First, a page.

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THE POSIES POP UP

The PosiesDear 23

DGR Records

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Word has it that Seattle, Wash., is rock's latest hotbed of musical activity, fostering the careers of Soundgarden and recently-signed groups like Alice in Chains and Mother Love Bone.

And although the "Seattle sound" has been characterized as the caustic mix of grunge that those three bands spit out, the Posies pursue a decidedly different direction on their major label debut, Dear 23.

Clinging more to the strum of acoustic guitar than to the distorted scrapings of electric six-strings, the Posies combine the earmarks of '60s pop with lyrical images not found until 20 years later.

Combining the voices of guitarists/singers Jon Auer and Ken Stringfellow is to recall the vocal symmetry of the Hollies, whose songs Bus Stop, Carrie Anne and He Ain't Heavy, He's My Brother rivaled the Beach Boys for radio time in the '60s and '70s. Although Rolling Stone has quoted Stringfellow as not having heard the Hollies' music until 1988, the Posies have recorded a cover of the Hollies' King Midas in Reverse for use as a B-side on an upcoming single.

Much of the credit for the group's infectious sound should go to producer/engineer John Leckie, imported to Seattle from England, where he had worked with XTC and the Fall. If not for the contemporary crispness of Leckie's mix, inviting gems like Golden Blunders and Apology would be indistinguishable from soundalike oldies by the Monkees and the Byrds.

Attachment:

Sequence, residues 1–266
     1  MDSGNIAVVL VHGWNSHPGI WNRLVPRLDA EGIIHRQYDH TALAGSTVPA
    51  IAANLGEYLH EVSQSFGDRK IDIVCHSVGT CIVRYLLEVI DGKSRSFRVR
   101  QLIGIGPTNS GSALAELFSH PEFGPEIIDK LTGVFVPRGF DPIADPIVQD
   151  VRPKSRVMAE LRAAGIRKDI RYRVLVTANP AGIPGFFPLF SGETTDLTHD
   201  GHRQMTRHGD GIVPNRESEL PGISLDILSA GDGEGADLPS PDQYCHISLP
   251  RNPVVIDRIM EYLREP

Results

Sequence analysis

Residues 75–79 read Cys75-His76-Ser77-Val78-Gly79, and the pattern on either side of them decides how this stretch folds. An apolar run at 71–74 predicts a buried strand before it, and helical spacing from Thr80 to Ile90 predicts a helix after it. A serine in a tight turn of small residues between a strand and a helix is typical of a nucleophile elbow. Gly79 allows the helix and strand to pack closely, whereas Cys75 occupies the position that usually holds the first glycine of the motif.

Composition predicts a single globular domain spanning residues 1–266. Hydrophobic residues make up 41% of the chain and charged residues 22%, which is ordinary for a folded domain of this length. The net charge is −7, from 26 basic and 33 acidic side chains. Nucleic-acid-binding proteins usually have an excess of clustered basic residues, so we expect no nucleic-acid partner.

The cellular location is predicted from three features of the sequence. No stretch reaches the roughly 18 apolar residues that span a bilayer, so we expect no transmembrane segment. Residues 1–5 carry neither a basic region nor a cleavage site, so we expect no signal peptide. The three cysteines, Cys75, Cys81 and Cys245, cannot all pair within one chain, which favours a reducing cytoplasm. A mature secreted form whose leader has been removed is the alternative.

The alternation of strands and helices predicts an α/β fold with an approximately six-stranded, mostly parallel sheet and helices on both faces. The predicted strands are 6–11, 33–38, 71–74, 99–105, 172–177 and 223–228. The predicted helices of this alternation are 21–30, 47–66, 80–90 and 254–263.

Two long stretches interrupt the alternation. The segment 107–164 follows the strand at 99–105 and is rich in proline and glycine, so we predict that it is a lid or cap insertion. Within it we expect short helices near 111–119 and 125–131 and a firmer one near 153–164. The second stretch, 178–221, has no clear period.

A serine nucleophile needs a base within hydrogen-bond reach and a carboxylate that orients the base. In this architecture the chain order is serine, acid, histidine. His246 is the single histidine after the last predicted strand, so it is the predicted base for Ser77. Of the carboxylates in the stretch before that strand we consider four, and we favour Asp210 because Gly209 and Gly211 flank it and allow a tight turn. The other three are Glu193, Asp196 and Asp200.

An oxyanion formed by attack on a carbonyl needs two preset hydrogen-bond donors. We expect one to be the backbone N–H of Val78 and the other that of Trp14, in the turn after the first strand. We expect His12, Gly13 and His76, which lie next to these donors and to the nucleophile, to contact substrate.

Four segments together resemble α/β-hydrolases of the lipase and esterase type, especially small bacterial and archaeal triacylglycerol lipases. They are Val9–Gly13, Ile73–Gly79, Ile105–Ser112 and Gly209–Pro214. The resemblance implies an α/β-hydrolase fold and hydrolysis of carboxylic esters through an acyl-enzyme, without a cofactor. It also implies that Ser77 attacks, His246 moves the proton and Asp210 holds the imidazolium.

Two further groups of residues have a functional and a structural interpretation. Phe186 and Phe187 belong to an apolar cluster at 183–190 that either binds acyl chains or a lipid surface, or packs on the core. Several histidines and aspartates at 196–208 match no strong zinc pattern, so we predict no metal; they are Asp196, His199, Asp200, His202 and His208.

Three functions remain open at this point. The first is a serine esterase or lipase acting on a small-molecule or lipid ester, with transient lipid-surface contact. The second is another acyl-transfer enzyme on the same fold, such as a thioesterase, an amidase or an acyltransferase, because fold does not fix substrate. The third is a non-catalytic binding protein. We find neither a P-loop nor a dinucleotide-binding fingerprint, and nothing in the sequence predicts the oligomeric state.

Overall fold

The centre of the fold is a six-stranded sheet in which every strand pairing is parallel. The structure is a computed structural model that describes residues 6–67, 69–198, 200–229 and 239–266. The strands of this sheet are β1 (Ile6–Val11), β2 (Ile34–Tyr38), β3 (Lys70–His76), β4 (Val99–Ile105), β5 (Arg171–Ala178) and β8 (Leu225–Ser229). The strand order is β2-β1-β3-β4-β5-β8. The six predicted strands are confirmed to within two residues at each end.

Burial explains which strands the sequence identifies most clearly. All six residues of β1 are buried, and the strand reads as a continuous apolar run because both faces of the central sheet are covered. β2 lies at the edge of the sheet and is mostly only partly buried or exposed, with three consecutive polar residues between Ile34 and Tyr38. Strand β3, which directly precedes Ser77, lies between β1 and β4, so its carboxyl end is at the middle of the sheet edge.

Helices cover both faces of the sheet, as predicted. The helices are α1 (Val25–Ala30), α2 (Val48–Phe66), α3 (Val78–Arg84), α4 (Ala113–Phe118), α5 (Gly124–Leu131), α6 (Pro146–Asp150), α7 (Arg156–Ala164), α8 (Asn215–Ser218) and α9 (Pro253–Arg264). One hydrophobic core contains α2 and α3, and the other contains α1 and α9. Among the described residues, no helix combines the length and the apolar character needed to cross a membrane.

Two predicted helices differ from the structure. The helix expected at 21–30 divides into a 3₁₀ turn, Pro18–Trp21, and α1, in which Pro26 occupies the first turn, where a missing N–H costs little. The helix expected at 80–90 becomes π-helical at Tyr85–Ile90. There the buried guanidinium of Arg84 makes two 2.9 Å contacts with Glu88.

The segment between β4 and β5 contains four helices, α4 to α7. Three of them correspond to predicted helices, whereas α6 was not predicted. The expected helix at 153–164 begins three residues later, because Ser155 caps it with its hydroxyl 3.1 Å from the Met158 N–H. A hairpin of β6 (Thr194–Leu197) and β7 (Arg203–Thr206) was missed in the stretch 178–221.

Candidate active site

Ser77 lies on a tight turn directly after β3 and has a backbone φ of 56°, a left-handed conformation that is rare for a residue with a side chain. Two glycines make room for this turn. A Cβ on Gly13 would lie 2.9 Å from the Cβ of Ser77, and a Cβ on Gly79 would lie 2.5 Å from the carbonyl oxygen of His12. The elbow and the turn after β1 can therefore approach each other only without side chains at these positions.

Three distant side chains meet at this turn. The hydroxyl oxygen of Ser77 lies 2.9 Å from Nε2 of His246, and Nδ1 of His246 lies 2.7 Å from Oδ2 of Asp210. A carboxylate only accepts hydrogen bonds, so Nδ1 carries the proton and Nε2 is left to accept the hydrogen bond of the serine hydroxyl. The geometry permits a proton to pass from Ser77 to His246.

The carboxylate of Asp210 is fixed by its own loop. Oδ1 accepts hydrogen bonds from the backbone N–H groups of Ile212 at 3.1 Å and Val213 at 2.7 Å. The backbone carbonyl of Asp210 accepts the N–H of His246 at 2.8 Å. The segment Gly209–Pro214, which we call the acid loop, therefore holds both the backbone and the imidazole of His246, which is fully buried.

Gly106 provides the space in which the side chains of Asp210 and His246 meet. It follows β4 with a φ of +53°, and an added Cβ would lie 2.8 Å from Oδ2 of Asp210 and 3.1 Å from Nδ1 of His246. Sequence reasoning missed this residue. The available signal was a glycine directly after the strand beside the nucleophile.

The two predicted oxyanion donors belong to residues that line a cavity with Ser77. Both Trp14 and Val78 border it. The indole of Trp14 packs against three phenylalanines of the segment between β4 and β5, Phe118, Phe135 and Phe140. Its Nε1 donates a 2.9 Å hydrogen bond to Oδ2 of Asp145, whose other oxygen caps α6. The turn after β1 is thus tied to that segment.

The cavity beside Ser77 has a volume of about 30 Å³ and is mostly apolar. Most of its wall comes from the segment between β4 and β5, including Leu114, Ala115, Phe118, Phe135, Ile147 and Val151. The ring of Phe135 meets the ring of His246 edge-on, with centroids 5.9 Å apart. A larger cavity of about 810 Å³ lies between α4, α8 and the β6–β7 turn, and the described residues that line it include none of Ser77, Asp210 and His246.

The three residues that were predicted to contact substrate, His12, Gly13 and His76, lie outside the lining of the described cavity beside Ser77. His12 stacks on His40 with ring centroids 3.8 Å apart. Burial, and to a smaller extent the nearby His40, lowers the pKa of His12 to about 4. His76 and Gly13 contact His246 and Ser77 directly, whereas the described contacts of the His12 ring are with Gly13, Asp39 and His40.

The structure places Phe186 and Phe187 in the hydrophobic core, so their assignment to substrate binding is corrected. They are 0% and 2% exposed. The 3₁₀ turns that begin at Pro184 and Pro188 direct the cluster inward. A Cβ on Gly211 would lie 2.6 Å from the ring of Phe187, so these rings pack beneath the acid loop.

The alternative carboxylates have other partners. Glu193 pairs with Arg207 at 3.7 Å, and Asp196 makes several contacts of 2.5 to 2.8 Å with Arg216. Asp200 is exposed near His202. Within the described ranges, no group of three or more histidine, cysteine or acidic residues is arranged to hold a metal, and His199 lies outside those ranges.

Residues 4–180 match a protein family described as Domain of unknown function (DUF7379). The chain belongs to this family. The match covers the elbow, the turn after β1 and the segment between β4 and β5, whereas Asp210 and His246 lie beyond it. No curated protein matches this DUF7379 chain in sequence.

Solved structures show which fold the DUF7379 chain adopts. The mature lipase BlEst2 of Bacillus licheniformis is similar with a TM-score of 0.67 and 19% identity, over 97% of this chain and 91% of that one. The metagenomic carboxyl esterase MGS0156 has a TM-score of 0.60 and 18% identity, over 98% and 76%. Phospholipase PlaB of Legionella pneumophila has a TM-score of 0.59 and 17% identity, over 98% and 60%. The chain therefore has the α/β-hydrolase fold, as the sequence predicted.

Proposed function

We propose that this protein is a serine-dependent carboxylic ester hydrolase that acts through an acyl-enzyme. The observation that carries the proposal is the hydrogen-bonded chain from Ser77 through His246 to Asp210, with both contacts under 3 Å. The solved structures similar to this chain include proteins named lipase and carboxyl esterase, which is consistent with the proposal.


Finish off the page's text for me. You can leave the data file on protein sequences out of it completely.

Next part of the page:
Simplicity is the favored approach for Auer and Stringfellow, who have written the entirety of Dear 23, but their lyrics descend into deeper water. "Aesop used to make me weep, but now I'm part of Mary's fable," writes the duo in Suddenly Mary, a precise pop epic that confronts the realizations and awakenings that soon follow marriage.

Backseat consummation and sudden commitment surfaces throughout the whole of Dear 23, and in Golden Blunders, the Posies sing about rock 'n' roll's ultimate predicament: "Four weeks seemed like a long time then / But nine months is longer now. Even if you never speak again / You've already made the wedding vow."

Maybe a refusal to follow trends is the connecting tie between the Posies and Seattle's heavier, raunchier bands. Dear 23 is appealing and easily digested, but filled with enough content to make the meal nutritious.

In Help Yourself, the band sings, ". . . We built upon this ground something we thought was sound / But in reality was silence." In the case of the Posies, the silence is golden.

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